Mabel Annesley

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Lady
Mabel Annesley
Born Mabel Marquerite Annesley
(1881-02-25)25 February 1881
Annesley Lodge, Regent's Park, London
Died 19 June 1959(1959-06-19) (aged 78)
Clare, Suffolk, England
Resting place Long Melford, Suffolk, England
Known for Wood engraving, watercolour painting

Lady Mabel Marguerite Annesley (25 February 1881 - 19 June 1959) was a wood-engraver and watercolour painter. Her work is in many collections, including the British Museum, the Victoria and Albert Museum, the National Gallery of Canada and the Museum of New Zealand. She exhibited in the Festival of Britain in 1952.[1][2]

Early life and family[edit]

She was born on 25 February 1881, at Annesley Lodge, Regent's Park, London, the daughter of Hugh Annesley, 5th Earl Annesley (1831–1908), lieutenant-colonel in the Scots Fusilier Guards and landowner, and his wife, Mabel Wilhelmina Frances Markham, Countess Annesley (1858–1891). Her mother was the greatgranddaughter of Sir Francis Grant, eminent Victorian portrait painter and president of the Royal Academy. Her half-sister, Lady Constance Malleson was a writer, actress, and mistress of Bertrand Russell.[1]

She was initially taught at home, then in 1895, at fourteen, she began study at the Frank Calderon School of Animal Painting in London. At eighteen she was elected a member of the Belfast Art Society and exhibited with the Society for many years, from 1899 to 1926.[3]

She married Gerald Sowerby (1878–1913) in 1904. Sowerby was flag lieutenant to Admiral Prince Louis of Battenberg and flag commander to the commander-in-chief, Portsmouth. The couple had one son, Gerald Francis Sowerby (later Annesley). Her husband died in 1913, and a year later she inherited Castlewellan Castle after the death of her brother Francis.[3] She moved back to the Castle in 1914, and reverted to her maiden name.[1] The Castle was home to a world-famous arboretum, with Annesley working hard to recover from losses incurred due to death duties.[2][4]

Gerald Francis Sowerby (5 November 1904-April 1992) married firstly Lady Elizabeth Jocelyn, daughter of the Earl of Roden, secondly Mary Macdonald, and thirdly Elizabeth Cromwell.

Artistic career[edit]

At the age of about forty she learnt the technique of wood engraving at the Central School in London under the tutelage of Noel Rooke from 1920 to 1921. She was soon regarded as one of its three or four leading exponents in Britain along with artists like Gwen Raverat and Robert Gibbings.[3] She exhibited 27 prints with the Society of Wood Engravers between 1922 and 1939, being elected a member in 1925. She also exhibited at her studio 12 Lombard Street, Belfast in 1925, lecturing on wood-engraving. Annesley illustrated a number of volumes for the Golden Cockerel Press, including Songs from Robert Burns (1925), and for Duckworths County Down Songs (1924) and Apollo in Mourne (1926) by the Ulsterman Richard Rowley. When she developed arthritis in later life, employing lino in place of boxwood to continue working.[1]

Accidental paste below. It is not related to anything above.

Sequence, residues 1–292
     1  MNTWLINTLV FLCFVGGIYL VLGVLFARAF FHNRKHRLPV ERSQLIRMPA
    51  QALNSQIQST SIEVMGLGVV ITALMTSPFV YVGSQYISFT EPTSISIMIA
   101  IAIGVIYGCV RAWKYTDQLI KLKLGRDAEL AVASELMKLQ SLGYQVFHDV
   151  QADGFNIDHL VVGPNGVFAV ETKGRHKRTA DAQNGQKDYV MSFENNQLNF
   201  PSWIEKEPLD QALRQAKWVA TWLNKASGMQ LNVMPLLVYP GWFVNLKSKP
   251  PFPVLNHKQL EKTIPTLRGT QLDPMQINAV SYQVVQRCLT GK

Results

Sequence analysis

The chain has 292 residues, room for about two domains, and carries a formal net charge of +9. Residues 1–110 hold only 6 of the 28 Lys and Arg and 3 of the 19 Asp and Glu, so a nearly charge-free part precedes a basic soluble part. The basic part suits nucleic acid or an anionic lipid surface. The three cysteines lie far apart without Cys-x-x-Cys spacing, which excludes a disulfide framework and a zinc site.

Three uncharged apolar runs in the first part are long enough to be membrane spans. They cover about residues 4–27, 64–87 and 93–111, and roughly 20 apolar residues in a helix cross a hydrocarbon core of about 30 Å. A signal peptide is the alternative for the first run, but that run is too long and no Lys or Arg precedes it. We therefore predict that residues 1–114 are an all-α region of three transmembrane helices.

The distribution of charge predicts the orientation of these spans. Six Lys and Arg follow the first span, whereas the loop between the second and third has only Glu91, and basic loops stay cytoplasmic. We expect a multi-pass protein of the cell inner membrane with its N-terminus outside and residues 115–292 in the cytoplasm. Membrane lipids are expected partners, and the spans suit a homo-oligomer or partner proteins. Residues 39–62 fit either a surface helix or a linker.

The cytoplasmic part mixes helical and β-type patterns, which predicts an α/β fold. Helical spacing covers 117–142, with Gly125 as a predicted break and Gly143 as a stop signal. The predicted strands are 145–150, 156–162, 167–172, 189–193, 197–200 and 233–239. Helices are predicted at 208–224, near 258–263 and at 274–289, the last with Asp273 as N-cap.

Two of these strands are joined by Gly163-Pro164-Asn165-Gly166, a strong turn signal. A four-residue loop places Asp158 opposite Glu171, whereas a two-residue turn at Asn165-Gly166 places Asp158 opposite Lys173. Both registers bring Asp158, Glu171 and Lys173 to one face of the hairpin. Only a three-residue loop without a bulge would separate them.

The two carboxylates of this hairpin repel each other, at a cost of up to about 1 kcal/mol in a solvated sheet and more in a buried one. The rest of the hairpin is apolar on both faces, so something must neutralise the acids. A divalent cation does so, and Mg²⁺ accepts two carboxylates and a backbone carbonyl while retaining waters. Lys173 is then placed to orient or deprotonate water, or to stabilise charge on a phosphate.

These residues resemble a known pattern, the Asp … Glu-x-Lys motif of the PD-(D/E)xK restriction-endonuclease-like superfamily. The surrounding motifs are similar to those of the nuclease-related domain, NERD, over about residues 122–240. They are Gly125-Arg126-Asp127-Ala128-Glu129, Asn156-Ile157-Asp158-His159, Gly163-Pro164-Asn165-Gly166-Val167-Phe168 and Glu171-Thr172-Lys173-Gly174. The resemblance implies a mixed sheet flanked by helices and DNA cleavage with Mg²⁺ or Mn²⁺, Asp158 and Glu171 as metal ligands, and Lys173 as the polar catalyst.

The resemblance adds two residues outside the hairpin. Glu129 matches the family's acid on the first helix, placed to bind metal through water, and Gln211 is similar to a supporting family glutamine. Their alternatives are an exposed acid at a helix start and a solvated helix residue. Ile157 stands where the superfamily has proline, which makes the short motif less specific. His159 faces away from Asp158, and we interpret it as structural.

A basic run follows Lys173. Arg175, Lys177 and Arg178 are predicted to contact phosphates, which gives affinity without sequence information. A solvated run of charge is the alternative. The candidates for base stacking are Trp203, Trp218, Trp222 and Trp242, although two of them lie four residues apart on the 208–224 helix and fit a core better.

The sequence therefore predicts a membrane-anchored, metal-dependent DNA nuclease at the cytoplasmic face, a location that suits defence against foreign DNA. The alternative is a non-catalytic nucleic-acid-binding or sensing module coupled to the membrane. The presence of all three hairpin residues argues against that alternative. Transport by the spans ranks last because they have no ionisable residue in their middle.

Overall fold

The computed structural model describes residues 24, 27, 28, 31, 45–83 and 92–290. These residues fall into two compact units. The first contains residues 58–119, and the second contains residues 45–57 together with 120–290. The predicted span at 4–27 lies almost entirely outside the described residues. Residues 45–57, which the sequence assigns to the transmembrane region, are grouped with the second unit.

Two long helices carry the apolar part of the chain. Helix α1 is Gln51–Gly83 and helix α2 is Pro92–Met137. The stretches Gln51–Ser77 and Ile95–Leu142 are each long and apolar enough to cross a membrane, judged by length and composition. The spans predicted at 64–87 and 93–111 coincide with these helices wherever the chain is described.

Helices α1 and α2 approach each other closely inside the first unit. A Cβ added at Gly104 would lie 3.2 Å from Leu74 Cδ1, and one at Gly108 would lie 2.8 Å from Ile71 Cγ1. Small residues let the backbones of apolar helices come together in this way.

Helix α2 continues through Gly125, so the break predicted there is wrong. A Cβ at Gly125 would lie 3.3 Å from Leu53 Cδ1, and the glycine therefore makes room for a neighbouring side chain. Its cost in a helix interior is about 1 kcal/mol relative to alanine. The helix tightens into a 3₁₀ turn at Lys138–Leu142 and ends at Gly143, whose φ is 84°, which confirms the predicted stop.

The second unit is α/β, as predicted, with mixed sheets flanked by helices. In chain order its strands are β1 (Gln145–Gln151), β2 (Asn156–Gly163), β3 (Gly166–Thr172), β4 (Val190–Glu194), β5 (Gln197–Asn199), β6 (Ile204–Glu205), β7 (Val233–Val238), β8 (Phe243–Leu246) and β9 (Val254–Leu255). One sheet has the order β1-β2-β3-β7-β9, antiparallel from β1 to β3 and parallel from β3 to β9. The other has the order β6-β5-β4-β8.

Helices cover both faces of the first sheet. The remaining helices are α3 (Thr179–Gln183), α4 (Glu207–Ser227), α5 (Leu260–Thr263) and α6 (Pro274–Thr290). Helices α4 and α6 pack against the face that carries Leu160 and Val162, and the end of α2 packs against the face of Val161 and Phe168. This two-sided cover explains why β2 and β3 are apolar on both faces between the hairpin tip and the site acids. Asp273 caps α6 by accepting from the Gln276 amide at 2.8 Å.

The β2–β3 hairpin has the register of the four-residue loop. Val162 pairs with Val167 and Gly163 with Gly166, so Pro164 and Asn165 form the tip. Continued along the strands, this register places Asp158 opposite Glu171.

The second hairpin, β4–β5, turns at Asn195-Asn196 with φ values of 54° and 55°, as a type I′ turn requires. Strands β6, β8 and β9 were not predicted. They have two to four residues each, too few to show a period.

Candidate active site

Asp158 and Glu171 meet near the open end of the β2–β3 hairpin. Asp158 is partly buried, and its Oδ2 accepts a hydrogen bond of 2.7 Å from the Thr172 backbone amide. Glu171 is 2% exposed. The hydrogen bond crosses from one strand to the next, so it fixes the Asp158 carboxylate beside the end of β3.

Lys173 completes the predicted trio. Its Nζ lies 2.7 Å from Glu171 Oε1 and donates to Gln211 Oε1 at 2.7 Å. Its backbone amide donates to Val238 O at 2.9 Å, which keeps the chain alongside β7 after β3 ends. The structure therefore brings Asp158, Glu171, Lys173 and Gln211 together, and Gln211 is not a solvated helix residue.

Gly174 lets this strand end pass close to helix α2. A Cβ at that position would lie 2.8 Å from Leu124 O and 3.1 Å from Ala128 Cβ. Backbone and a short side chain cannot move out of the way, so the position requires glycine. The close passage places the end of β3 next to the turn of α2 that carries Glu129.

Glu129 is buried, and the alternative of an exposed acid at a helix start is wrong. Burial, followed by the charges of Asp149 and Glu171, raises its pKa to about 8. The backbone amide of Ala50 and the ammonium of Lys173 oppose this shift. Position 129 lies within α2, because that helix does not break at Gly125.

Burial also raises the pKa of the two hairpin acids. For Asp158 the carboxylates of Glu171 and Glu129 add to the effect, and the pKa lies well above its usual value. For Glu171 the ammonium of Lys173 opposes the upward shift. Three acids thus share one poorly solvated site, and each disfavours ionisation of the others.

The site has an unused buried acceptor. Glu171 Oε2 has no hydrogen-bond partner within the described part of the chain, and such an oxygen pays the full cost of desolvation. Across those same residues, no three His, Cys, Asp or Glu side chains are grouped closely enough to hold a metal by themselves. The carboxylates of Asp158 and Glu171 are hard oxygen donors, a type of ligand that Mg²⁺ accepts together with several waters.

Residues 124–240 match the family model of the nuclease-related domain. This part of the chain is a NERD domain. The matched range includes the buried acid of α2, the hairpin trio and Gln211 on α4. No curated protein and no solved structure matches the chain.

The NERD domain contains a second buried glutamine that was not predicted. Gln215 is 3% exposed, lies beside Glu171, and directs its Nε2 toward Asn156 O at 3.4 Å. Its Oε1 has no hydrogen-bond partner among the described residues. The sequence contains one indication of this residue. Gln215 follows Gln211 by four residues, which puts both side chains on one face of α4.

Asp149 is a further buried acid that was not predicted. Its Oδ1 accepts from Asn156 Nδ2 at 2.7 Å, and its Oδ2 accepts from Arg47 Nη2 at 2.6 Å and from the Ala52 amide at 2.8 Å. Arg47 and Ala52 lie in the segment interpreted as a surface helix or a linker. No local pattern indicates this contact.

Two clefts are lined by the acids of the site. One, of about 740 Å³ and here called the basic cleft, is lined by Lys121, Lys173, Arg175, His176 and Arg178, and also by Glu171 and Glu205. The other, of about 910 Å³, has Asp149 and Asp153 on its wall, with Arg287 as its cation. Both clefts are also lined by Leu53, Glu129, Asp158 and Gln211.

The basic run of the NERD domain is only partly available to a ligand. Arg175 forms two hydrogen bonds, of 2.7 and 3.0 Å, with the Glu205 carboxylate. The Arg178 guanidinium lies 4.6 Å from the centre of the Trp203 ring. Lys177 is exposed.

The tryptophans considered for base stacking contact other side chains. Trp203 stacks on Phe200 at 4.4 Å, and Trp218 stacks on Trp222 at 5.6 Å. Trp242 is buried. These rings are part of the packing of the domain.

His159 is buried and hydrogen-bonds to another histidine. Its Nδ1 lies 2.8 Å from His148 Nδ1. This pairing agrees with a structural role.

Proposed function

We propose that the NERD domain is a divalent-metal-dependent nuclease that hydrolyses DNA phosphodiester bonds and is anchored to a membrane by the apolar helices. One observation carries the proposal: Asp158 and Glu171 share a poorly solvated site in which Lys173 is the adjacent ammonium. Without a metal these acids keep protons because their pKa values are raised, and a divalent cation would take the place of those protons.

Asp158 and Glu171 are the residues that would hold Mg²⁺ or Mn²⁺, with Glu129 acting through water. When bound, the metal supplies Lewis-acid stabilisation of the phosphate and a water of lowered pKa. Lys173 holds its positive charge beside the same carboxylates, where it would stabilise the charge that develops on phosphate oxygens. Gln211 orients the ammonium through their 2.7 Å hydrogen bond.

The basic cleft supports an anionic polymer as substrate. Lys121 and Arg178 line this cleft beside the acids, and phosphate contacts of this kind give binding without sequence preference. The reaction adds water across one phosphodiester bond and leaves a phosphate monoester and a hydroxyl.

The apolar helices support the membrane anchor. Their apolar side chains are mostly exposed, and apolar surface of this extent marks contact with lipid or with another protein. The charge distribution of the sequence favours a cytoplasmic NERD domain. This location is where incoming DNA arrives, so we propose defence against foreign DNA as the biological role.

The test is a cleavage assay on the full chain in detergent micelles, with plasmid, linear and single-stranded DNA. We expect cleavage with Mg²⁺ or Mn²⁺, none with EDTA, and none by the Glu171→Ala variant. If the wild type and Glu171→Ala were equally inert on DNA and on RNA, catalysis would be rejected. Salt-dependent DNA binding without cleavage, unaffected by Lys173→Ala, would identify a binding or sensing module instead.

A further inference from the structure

She exhibited with the Watercolour Society of Ireland in 1926, with the Dublin Painters in 1938, and was included in a 1930 exhibition of Irish art held in Brussels. Annesley designed pageant costumes with William Conor for the 1500th anniversary of the landing of St Patrick at Saul, Co. Down held in 1932 at Castle Ward, Strangford. Circa 1933 a selection of her work, watercolours, wood-engravings, and silverpoints was exhibited at the Batsford Gallery, London. The Ulster Unit exhibition showed her work in 1934, the same year she was elected an honorary member of the Royal Ulster Academy. Her collection of contemporary wood-engravings, alongside 20 of her works, where donated at the Belfast Museum and Art Gallery in 1939.[1][2]

She moved home several times, living also in Belfast, Connemara and in Rathfriland. During the Second World War she emigrated to New Zealand but returned to England in 1953, settling in Suffolk.[3] Annesley was a trustee of the Bishop Suter Art Gallery in Nelson whilst living in New Zealand, purchasing for the board when she visiting England.[1]

Later life and recognition[edit]

Lady Mabel Annesley died of myelomatosis on 19 June 1959 in Clare, Suffolk, and was buried in Long Melford, Suffolk.[1] She left an unfinished autobiography called As the Sight Is Bent, which was published by the Museum Press in 1964.[5] In it she says that Paul Nash and David Jones were particular influences. A memorial show of her work was held at the Whitworth Art Gallery in 1960.[4]

She is commemorated by an Ulster History Circle blue plaque at the Arboretum, Castlewellan Forest Park, County Down.[6]

References[edit]

  1. ^ a b c d e f g Selborne, Joanna (2004). "Annesley, Lady Mabel Marguerite (1881–1959)". Oxford Dictionary of National Biography. Oxford University Press. 
  2. ^ a b c Andrews, Helen (2009). "Annesley, Mabel Marguerite". In McGuire, James; Quinn, James. Dictionary of Irish Biography. Cambridge: Cambridge University Press. 
  3. ^ a b c d Devlin, Patrick. "Mabel Marguerite Annesley (1881 - 1959): Artist". The Dictionary of Ulster Biography. Retrieved 19 October 2016. 
  4. ^ a b Butler, Patricia (2000). Irish Botanical Illustrators & Flower Painters. Suffolk: Antique Collectors' Club. p. 104. 
  5. ^ "As the sight is bent, an unfinished autobiography.". Open Library. Retrieved 2009-10-03. 
  6. ^ "Mabel". Culture Northern Ireland. Retrieved 19 October 2016. 

Further reading[edit]

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